As mentioned before on Cracked, the Millennium Falcon we all know and love came about only because the previous iteration looked too much like the Eagle from a television show called Space: 1999. The notion of naming your spaceship after a bird of prey, however, was simply too cool to abandon. Here's what the Millennium Falcon was supposed to look like:
And this is the Eagle, from that TV show nobody remembers or cares about:
Just like no one remembers the ancient year of 1999.
But those similarities were noticed only after countless hours and just as many dollars were spent on a kickass model of the original Millennium Falcon design -- the ship was intended to be the cinematic centerpiece of all the princess-rescuing hyperspace shenanigans, so it had to be jumbo-sized and nothing short of magnificent. But once the similarities between the Falcon and the Eagle were discovered, the Millennium Falcon needed to be redesigned, which meant the effects crew had to start over from scratch. The original ship they spent so much time and money on was suddenly a six-foot, highly detailed model of their own wasted time.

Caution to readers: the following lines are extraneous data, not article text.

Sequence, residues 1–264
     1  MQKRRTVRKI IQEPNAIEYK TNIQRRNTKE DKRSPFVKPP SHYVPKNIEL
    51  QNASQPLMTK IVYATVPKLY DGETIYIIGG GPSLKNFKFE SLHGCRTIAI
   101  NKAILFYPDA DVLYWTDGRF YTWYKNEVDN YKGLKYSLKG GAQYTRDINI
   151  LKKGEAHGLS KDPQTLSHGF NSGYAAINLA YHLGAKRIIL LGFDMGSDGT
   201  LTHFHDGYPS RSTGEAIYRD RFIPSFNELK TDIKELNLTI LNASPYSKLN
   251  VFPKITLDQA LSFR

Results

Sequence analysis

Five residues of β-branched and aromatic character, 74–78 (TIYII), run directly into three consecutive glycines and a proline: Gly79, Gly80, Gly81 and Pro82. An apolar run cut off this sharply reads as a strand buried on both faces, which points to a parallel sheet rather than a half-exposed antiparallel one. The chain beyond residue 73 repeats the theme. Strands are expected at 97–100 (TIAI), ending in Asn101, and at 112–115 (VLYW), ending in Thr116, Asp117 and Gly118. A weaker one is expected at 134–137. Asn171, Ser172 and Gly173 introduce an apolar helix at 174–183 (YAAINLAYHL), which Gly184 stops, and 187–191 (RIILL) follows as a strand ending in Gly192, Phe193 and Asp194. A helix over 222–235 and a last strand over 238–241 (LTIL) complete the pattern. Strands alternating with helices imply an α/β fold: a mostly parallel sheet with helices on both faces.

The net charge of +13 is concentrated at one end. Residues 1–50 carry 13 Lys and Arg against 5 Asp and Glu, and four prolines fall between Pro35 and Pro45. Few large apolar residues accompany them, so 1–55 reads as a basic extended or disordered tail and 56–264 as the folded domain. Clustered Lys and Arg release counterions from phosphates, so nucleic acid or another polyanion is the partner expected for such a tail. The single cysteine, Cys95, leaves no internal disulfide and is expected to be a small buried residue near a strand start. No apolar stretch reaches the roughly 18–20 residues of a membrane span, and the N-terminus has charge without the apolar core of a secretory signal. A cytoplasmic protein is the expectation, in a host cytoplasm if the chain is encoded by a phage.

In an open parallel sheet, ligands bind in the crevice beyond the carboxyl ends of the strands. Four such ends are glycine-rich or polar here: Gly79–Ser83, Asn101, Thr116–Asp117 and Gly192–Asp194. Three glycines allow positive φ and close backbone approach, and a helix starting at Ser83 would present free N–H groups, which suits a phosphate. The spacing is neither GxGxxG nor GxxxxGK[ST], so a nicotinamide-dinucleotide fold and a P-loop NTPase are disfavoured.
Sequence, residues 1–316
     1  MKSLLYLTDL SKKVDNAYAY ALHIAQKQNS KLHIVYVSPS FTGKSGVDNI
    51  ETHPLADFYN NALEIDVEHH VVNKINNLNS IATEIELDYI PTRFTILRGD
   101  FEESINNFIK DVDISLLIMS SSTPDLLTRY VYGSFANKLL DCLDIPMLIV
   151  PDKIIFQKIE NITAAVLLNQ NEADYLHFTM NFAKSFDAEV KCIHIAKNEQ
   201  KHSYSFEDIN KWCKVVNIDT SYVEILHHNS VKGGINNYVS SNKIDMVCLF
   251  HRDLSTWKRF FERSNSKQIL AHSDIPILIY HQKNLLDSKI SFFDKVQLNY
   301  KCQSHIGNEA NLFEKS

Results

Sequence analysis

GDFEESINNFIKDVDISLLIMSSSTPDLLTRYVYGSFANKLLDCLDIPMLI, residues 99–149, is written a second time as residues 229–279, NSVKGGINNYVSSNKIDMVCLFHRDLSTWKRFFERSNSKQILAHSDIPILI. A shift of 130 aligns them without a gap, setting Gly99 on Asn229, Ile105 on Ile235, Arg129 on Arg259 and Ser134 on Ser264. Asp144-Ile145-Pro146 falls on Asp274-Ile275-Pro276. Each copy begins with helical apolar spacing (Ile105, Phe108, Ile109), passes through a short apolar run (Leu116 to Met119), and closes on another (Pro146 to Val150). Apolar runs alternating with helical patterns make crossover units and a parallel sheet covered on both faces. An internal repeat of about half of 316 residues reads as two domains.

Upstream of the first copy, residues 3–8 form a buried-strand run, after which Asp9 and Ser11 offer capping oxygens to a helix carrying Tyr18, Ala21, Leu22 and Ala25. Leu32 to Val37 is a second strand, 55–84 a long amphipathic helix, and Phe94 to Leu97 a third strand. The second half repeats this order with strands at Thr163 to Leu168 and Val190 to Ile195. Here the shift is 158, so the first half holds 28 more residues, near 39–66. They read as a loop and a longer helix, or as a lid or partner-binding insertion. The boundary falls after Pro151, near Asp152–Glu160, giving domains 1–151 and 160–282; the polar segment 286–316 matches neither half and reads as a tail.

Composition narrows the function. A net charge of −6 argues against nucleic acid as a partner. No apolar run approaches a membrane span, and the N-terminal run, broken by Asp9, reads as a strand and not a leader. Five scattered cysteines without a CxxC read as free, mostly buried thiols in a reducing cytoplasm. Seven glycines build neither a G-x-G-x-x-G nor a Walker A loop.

That is, until they needed to build the blockade runner, the ship in which Princess Leia is captured by Vader's Star Destroyer in the opening scene of Star Wars. Rather than design another spaceship entirely from scratch, the filmmakers simply dusted off the old Falcon, made a few changes for scale, and renamed it the Tantive IV. It was one of Star Wars' largest, most detailed models, and it appears on screen for all of half a minute.
It was, however, a very Freudian half minute.
In reality, the Tantive IV model absolutely dwarfs the Star Destroyer, but the difference in size is impossible to tell thanks to some old-school Hollywood voodoo.
Just the ass end of the Tantive IV (bottom) is about the size of the entire Star Destroyer (top). Baby got back.
Plus, Lucasfilm got a little more mileage out of their giant original Millennium Falcon model in Return Of The Jedi, where it was reused again as the Corellian Corvette.
So, to summarize: If J.J. Abrams really wants to commit to the "old-school special effects" feel he's promised for Episode VII, he needs to skip CGI, creature effects, and high-quality resin sculpting and just spray-paint a bunch of random shit lying around the prop room.
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